I’m breaking one of my rules today.  I previously visited DaVero.  This winery was not on my original list – I warned you it may change!  But, I decided that it was close enough to qualifying that it deserved to make my lineup.  I initially visited DaVero two years ago as part of the 2018 Dry Creek Passport event.  And I was NOT impressed.  I loved their wines.  But they refused to sell to me at the event because I wasn’t a member.  I can understand that as part of their normal process, but at a passport weekend event?  Why is a winery participating???  Just to gain members?  I’ve vented about this with so many people, I’ve lost count!

DaVero has come up as a suggestion at least a half a dozen times over the past year.  Every time I explain that I’ve been there, but see absolutely no reason to go back.  However, while I had friends joining me in Sonoma for Wine Road’s Winter Wineland event (I’ll be posting about that in a couple of weeks), one of my friends wanted to sign up and become a member.  He really loves DaVero wines and wants to be able to purchase them.  So, one of the days he was here I treated him to a tasting at Flowers and he treated me to a tasting at DaVero with our member perks.  I haven’t decided if I’ll share about our Flowers visit as it, too, breaks my rules.

Oh, and I made sure to share my experience with DaVero who apologized up and down.  And at the end of my visit, our tasting host (I don’t recall his name) asked if my opinion changed – and it indeed has.

My Visit

DaVero is more than just a winery, it’s a farm as well.  In addition to wine, they also produce olive oils and jams.  We were given a brief tour of the farm and even met Boris, their winery pig.  Despite appearances, Boris isn’t soft and cuddly.  He’s really wiry and pretty dirty.  I mean – he is a pig!  I’m not sure he enjoyed all of the attention I gave him as he almost immediately got up and wandered out of his little barn.  I snapped all sorts of photos of the farm so I’m just going to dump them below for your viewing pleasure.  The building in the last photo is where our private tasting was held. I’ve visited in the Spring and their farm is gorgeous when it’s not winter!

Boris-the-Pig

Boris-at-Work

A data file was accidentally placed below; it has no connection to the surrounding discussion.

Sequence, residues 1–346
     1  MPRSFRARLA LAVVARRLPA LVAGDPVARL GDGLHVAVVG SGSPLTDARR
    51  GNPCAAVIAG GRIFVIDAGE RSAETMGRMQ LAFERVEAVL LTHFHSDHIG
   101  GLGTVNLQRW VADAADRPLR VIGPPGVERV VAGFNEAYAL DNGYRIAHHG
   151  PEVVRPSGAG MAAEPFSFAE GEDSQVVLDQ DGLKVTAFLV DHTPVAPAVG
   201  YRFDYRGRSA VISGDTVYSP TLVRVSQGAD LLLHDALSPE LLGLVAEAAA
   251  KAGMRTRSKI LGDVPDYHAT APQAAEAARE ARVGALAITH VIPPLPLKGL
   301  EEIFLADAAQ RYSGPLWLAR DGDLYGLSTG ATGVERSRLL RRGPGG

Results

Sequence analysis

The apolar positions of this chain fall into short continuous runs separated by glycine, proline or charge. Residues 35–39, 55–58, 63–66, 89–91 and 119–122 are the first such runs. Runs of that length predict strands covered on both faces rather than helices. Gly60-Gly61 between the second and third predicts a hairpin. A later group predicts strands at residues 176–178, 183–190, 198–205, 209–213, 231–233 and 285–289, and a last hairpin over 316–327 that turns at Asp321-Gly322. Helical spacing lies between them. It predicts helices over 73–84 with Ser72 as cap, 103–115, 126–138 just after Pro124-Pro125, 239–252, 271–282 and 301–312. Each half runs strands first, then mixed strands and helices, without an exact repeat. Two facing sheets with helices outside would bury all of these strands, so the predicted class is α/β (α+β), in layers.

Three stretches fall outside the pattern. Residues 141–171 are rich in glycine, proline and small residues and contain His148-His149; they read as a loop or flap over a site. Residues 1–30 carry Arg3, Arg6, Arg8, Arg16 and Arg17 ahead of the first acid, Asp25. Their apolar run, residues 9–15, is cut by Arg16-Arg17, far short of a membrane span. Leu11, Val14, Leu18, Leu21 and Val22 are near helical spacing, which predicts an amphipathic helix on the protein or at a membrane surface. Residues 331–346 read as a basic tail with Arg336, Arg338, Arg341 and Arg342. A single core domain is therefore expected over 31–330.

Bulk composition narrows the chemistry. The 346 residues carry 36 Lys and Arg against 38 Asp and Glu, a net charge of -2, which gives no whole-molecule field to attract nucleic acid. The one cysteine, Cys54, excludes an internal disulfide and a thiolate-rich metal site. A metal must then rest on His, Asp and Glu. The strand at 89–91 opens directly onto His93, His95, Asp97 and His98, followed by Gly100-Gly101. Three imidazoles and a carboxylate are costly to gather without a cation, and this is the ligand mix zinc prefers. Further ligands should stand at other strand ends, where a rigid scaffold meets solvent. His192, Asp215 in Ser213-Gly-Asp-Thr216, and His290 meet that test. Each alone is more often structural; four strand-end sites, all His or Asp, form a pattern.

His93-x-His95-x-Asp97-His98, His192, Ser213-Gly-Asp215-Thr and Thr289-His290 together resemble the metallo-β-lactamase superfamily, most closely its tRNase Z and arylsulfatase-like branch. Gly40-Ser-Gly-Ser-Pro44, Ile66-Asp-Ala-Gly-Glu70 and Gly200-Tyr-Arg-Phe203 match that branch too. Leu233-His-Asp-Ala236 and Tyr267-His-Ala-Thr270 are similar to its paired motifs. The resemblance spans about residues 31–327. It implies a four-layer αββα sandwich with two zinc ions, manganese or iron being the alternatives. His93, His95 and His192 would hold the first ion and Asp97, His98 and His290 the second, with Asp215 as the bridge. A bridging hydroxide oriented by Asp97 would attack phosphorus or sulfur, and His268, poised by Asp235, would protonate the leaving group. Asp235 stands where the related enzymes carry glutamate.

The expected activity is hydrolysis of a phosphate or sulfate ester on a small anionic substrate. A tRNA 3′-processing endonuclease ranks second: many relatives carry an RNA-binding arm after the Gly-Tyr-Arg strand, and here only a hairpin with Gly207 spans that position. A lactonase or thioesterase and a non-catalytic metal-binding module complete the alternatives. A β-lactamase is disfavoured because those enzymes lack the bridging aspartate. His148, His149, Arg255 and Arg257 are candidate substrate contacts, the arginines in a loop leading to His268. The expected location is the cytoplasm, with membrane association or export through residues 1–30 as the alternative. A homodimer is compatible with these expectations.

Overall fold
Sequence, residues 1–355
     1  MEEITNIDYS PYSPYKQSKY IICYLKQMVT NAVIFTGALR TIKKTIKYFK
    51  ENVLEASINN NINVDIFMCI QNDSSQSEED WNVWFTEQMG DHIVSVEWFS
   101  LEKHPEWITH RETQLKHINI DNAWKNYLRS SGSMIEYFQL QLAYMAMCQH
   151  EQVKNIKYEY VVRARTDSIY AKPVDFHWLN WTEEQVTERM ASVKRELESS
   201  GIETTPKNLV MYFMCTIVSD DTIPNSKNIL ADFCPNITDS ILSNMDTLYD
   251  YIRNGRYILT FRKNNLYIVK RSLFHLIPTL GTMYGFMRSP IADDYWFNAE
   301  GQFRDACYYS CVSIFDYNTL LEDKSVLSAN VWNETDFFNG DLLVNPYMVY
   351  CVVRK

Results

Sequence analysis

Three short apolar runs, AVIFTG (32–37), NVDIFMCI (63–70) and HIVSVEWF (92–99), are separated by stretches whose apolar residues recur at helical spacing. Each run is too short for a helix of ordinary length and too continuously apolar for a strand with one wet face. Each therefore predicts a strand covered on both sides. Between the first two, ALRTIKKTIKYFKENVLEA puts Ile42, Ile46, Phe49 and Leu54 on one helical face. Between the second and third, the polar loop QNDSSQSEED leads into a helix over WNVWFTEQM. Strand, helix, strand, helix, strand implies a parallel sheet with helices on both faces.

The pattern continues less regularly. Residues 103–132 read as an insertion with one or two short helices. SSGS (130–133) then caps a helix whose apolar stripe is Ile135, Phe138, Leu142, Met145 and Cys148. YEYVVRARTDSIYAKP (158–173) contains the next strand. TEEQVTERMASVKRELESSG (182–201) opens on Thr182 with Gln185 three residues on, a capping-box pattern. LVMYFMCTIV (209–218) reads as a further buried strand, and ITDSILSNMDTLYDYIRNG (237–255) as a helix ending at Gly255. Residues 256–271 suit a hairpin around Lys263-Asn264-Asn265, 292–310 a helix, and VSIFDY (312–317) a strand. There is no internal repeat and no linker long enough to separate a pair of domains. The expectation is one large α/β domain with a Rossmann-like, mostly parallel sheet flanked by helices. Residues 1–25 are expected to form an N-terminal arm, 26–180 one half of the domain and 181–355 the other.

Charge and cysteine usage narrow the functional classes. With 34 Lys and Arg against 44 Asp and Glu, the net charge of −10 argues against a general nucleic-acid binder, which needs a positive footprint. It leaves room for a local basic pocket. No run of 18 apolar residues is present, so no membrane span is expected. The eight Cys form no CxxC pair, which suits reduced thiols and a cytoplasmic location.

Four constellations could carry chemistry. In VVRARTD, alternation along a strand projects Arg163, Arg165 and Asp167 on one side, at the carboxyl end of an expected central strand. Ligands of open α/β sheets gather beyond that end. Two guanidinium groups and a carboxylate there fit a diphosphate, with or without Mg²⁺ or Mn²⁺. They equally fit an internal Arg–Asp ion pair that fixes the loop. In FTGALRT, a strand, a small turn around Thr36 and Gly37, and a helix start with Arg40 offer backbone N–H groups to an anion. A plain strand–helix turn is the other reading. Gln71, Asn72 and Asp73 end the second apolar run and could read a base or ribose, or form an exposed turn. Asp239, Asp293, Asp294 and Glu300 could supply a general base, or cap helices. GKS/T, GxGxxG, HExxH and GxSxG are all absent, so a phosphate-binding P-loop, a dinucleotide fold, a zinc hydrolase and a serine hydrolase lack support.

DaVero-Farm

DaVero-Tasting-ShedThe Wines

After our tour, we headed into our little “shed”.  That’s the best term I can use to describe it.  It’s was cozy and comfortable.

Davero-Wines

DaVero specializes in Italian Varietals.  And we were here for their Sagrantino.  My friend absolutely loves their Sagrantino and scored some a few years back.  Apparently we have their Sagrantino to thank – it’s the reason they’re a winery and not an olive….orchard?  Is that what you call a farm that grows olives, an orchard?  You get the picture.  The story goes that their owner had a taste of Sagrantino and declared that his business was ruined.  I think that’s the word that was used.  He returned to his property and started planting grapes!

DaVero-Map

The map above illustrates why Italian varietals grow well in Northern California – it has some geographical similarities to Italy.  I’ve heard the same about Oregon and France when comparing Pinot Noir regions.

The tasting experience was delightful and paired with small bites that also highlight their olive oils and jams.  And, pretty unique for a winery, as a member you have the option to get some of their olive oils and jams in your club allocation.  I’m not a member but thought it was a fun feature – I enjoyed what I tasted!

Pairing

Closing Thoughts

I’m honestly glad I returned for another visit.  That’s what I love about passport or event weekends.  You have the opportunity to visit a winery and try a small selection of their wines.  It’s enough to give you a taste to see if you like their style of wines.  It’s then fun to return and try some of their other lineup during a more personal visit.  That’s exactly what happened here!

If you’d like to continue to read all about my 30 Wineries in 30 Days, click here to view them all!

Kristin

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